We tend to rely more on stories and anectdotal evidence than studies and numbers. We tend to assign more risk to unfamiliar scenarios than common ones. We are well adapted to dealing with the inherent dangers we face everyday, like driving a car, but less able to parse out meaningful data in situations that occur once or twice in a lifetime, such as having a baby. Just knowing these psychological weaknesses can sometimes be enough. If we recognize our initial emotional response may not be valid, we can then look deeper and search out more sources that we can relate to our individual situations.
There are plenty of studies out there that say a planned homebirth with a trained attendant and good hospital back-up are safe, with fewer interventions and equal or greater positive outcomes when compared to hospital births with the same population. There are an equal number that say it is not. Read them all. Speak to a few midwives and a few doctors. Get both sides of the story. Evaluate what you want in a midwife, how you would like her to be trained, what emergency equipment she may carry that makes you feel safe. Some midwives carry the same medications that are available in a hospital, including Pitocin and oxygen. Some carry herbs and/or homeopathic remedies. Some carry all of the above and some carry nothing but their hand skills and experience. Much of this may depend on your geographic area. There are different laws in different states regarding midwives and their equipment.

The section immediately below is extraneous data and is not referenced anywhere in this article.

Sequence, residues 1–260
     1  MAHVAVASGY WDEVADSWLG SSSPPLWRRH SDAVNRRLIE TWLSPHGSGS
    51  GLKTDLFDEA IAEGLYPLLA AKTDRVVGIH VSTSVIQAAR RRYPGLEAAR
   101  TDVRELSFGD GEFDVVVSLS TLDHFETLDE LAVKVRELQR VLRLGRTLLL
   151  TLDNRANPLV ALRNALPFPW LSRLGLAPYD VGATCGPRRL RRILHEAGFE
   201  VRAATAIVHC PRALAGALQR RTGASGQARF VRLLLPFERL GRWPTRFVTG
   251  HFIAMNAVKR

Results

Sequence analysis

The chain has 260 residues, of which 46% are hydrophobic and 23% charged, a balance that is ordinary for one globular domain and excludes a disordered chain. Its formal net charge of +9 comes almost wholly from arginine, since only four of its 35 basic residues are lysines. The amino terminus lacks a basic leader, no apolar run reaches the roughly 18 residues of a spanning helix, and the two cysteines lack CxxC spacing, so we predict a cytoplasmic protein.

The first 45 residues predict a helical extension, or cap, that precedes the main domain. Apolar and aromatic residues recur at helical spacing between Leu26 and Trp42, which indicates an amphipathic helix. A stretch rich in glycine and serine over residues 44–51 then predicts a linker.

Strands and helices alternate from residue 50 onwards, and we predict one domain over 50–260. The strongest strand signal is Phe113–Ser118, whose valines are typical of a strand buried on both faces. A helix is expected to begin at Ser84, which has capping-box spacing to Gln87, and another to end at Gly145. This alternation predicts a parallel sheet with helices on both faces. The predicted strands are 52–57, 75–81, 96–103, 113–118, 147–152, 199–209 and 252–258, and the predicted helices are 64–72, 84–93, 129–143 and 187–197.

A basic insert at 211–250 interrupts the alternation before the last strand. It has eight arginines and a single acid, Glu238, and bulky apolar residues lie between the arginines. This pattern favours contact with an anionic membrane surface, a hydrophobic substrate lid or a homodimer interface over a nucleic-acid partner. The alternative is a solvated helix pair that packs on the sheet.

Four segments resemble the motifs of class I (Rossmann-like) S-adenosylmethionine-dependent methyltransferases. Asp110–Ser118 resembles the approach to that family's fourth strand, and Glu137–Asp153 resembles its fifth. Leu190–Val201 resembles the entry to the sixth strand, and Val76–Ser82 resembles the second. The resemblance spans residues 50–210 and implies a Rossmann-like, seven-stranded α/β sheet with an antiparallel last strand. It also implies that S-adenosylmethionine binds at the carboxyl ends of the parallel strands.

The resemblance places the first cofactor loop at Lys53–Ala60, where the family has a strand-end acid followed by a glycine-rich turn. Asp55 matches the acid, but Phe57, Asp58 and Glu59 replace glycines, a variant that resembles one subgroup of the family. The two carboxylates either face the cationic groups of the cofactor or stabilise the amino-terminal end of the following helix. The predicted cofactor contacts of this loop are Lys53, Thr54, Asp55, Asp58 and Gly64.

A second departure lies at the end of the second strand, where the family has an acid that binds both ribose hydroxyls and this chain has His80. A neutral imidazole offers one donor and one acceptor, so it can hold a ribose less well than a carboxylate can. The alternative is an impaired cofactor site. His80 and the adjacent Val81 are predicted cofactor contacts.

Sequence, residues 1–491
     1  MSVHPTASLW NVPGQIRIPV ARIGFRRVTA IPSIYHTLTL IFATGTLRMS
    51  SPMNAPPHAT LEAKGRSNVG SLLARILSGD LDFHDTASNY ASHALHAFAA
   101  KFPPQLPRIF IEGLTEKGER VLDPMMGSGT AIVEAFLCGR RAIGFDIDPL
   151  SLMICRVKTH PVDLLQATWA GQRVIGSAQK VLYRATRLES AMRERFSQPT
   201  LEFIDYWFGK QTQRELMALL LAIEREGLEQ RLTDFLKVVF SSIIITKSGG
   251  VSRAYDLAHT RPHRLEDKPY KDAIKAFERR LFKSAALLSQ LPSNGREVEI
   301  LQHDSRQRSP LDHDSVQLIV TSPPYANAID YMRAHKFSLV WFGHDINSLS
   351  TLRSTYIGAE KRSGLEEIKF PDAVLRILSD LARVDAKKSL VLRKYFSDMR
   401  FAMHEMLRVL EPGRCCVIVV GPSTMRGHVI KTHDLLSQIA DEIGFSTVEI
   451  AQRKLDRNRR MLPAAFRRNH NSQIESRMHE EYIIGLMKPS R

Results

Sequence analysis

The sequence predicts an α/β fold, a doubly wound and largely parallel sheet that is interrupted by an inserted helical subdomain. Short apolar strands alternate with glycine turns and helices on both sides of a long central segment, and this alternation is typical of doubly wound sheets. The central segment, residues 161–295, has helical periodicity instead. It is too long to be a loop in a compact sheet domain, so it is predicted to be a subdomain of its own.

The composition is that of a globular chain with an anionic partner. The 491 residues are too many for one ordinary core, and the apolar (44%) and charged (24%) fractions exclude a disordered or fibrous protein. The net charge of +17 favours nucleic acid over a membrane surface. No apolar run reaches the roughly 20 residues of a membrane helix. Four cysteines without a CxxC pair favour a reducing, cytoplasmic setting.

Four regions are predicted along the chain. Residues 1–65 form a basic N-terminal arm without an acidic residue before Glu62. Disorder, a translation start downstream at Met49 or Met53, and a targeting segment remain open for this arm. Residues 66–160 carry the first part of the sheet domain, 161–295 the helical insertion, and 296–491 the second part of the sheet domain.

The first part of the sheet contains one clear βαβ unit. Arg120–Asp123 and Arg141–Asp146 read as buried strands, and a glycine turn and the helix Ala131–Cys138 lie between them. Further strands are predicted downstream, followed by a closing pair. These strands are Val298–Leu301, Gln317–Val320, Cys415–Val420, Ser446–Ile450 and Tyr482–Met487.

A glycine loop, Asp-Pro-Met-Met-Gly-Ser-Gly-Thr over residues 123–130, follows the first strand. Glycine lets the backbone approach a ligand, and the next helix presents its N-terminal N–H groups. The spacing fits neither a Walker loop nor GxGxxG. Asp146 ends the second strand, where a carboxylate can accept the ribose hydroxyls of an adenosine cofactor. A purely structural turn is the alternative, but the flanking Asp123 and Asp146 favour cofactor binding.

In the end, the best expert to decide if homebirthing is right for your family is you. It is a decision that you must come to on your own after gathering in the information you need. The fact is, birth, no matter how you choose to do it, is important. It will affect you. It will change you. It will propel you into motherhood in a profound way and can leave you with feelings of power, health, and peace, or anxiety, fear or trauma. What kind of new mother do you wish to be? How can your birth launch you into parenthood in a positive way? Think about these questions first, and then start building your prenatal care , be it from a homebirth provider, or one who works in a hospital. Then, you have the greatest chance of becoming the mother you intend to be. No Enya required.”
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CPM, doula, homebirth, hospital, Jane Drichta, Jodilyn Owen, labor and delivery, midwife, natural birth, The Essential Homebirth Guide | Categories: